“Ladies and gentlemen, my guest tonight certainly needs no introduction,” announced Stephen Colbert on Monday
“Ladies and gentlemen, my guest tonight certainly needs no introduction,” his successor Stephen Colbert announced just before the audience began to chant “David.” Letterman beamed as the crowd grew louder, and quipped “Is there going to be trouble?”
Elsewhere in the interview, Colbert commented on Letterman’s remark that the late-night chair is a “strange job that a lot of people don’t understand.” He continued, “I’m lucky enough to have my friend John Stewart to talk about this weird job with and my friends in Strike Force Five… Was there anybody for you, when you were in the chair, that you were you could do that with? Somebody you could call and just talk about it. Could you call Johnny [Carson]?”
Letterman replied that while he had “great respect for these guys,” he was “orphaned in the talk show world.” While his answer elicited a unanimous sound of sympathy from the crowd, the former host interjected: “Well, I don’t appreciate the sarcasm.”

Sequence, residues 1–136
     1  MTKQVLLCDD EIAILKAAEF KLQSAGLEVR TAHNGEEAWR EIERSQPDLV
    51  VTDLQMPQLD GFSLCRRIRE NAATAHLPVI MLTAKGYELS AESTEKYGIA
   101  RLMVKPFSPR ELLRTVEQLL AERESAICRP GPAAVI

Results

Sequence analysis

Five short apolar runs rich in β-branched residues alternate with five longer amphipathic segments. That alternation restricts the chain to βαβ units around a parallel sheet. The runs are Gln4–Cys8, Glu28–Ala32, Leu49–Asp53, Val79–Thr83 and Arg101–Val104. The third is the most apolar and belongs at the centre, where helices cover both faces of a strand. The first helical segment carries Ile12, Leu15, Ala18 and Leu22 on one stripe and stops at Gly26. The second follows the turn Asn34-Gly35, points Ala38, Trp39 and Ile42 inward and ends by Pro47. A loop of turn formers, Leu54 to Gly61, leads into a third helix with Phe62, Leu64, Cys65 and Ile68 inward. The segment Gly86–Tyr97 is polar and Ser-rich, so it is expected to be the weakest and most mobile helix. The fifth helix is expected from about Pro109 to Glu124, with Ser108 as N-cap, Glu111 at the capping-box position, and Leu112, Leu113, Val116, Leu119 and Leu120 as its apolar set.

To wrap the night, The National delivered a heartfelt performance of “Space Invader” to welcome back the late-night legend. Prior to the band’s performance, Letterman told Colbert that this was the “second time in my life that this is happening here tonight” — referencing the Foo Fighters‘ historic appearance on his final episode of the Late Show. “So those two groups, I’ll love them forever,” said Letterman.
While Letterman has made previous appearances on late-night television since he departed The Late Show — he’s guested on Jimmy Kimmel Live and Late Night With Seth Meyers, as well as the final episode of The Late Late Show With James Corden earlier this year — Monday’s episode marked the first time he returned to the show he launched on CBS back in 1993.